Over 60% of the value growth in a forestry investment is biological growth, which adds continuous volume to forests. Trees will grow every year regardless of economic uncertainty, becoming more valuable as they grow from one product category to another. There are four main product categories in a tree.
The wood used for pulp and energy products is generally cut from the top of the tree and has a smaller diameter. Pulp and pallet wood are generally extracted during the first and second thinning stages. Pulp and energywood are the least valuable wood products.
Pulpwood has a range of uses including wall panels (OSB/MDF) and animal bedding. Ireland is the largest exporter of MDF products to the UK.
Energywood is often used to produce biomass, supporting the growing demand for sustainable fuels. As per the Government’s National Mitigation Plan Ireland’s overall target is to achieve 16% of energy from renewable sources, including biomass, by 2020. Wind and wood fuels are the principal contributors to the renewable energy sector in Ireland.
Stakewood is extracted during the first thinning and is cut from the middle section of the tree. Stakewood is used for stakes and fencing products in a variety of sectors, such as construction. Demand and prices for stakewood have remained consistent in recent years with large volumes exported to the UK market each year.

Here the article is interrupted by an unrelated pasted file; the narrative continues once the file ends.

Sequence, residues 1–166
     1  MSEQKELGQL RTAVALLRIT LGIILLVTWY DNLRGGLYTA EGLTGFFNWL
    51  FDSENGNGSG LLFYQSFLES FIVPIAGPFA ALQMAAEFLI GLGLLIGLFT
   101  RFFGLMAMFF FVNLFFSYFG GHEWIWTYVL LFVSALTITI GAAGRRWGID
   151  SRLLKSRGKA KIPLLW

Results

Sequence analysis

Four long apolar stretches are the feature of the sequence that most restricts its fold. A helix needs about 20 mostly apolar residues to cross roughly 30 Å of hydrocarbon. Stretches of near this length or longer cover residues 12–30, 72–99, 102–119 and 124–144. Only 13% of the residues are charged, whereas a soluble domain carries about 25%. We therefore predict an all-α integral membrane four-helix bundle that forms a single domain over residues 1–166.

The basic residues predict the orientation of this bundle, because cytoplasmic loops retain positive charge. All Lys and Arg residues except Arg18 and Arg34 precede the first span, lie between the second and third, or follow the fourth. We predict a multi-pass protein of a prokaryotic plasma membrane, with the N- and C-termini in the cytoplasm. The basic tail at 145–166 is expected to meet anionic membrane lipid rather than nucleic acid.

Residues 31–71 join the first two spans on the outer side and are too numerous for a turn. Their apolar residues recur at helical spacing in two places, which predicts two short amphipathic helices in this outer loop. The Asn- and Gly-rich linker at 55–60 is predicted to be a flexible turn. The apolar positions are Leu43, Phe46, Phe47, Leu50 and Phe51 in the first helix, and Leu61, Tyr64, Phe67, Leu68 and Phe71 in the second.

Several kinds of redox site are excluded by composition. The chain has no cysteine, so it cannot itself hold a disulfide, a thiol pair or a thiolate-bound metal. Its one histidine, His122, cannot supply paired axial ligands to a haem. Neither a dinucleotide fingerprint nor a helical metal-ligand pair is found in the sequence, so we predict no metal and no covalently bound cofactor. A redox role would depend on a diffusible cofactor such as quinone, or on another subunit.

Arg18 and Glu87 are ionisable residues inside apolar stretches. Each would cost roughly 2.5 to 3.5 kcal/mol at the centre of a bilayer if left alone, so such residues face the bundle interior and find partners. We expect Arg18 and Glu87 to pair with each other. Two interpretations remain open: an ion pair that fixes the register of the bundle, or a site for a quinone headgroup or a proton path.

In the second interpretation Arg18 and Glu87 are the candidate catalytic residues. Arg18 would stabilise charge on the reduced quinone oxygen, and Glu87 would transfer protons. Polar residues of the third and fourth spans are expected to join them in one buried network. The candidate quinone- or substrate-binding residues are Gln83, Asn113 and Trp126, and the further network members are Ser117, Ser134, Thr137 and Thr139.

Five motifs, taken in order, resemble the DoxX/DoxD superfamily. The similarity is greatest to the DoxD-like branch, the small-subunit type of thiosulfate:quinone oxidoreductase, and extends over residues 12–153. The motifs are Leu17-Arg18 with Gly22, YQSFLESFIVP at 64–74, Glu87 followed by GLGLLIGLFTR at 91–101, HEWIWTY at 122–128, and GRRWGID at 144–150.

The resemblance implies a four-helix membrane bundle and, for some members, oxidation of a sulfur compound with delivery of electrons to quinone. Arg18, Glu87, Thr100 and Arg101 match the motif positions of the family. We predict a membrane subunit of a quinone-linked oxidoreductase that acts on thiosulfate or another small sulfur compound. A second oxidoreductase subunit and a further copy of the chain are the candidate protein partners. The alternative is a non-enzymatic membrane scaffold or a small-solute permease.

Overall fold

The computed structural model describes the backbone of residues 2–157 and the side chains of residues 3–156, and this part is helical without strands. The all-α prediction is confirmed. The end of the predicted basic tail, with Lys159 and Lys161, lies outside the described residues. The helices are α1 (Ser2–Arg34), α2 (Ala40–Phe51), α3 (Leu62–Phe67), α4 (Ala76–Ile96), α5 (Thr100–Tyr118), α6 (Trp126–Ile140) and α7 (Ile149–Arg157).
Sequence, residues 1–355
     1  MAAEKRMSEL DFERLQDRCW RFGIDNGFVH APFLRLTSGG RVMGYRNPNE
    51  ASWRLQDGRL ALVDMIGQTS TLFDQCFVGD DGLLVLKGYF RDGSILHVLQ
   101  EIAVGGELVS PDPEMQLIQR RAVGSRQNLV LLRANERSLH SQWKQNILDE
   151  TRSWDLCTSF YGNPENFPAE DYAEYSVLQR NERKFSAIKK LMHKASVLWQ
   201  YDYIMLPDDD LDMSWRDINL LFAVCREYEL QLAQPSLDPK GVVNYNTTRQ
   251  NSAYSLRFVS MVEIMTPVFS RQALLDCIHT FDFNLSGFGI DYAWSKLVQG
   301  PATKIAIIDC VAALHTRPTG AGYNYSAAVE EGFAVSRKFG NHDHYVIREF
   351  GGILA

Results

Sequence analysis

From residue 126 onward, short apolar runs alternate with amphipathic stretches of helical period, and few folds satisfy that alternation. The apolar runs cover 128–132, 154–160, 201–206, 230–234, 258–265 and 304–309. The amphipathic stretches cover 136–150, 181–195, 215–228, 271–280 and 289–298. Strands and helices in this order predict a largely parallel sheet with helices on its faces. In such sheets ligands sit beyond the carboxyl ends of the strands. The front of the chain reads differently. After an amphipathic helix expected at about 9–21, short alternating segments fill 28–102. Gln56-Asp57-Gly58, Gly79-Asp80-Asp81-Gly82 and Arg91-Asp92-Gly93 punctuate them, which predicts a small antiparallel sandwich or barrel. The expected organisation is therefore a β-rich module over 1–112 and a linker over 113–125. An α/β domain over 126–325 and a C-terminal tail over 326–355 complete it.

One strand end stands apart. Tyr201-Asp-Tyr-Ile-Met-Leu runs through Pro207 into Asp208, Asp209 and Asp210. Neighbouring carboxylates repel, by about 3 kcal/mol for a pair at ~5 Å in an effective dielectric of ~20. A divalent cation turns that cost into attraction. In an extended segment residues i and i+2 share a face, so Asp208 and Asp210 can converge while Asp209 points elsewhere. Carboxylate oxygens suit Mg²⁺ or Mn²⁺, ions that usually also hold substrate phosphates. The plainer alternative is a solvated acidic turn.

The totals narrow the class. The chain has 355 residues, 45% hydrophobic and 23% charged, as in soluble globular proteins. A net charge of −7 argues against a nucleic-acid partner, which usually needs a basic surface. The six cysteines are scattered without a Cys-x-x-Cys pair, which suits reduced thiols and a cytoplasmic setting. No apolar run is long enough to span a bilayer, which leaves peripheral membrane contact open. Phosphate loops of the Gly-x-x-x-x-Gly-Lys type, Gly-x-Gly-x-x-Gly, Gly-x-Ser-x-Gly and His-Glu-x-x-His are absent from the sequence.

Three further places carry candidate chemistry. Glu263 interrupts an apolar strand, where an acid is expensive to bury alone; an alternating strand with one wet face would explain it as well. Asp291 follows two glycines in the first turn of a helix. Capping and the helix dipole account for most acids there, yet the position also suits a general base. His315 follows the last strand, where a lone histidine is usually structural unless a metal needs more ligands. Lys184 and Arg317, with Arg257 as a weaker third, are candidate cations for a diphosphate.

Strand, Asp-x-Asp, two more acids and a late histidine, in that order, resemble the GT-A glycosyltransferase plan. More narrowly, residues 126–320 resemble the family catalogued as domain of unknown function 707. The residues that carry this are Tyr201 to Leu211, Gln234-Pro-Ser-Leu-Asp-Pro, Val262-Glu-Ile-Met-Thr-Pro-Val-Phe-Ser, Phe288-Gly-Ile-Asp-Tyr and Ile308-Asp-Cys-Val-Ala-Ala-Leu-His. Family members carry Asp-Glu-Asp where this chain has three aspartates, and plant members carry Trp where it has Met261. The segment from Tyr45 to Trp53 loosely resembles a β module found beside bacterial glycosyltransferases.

Pallet wood, cut from the middle section of the tree, is used for packaging, panels and gardening furniture. Pallet wood is usually produced during the first and second thinning with later thinning generating higher volumes.
Pallet wood provides a stable forestry income and is much sought after by sawmills in Ireland and the UK. In 2015, wood-based panels manufactured in Ireland were exported with a value of €190 million.
Sawlog is taken from the lower section of the log, and is generally extracted during later thinning and clear-fell stages. Sawlog is the most profitable wood product due to widespread usage in the construction industry.
Further wood products include sawdust (wood-pellets); bark (garden mulch), and wood-shavings (animal bedding). Additionally, in 2015 forests attracted over 18 million visitors annually, generating €270 million in economic activities for rural communities.
Working with a Veon (formerly FEL) Forester to manage your plantation, including thinning, can help to increase the yield and profitability of forestry assets. Forestry thinning removes low value stems to allow premium trees to increase in volume in a shorter period of time.
For more information on forestry management and investment, call Veon on 1800 719 399 or email firstname.lastname@example.org to arrange a meeting.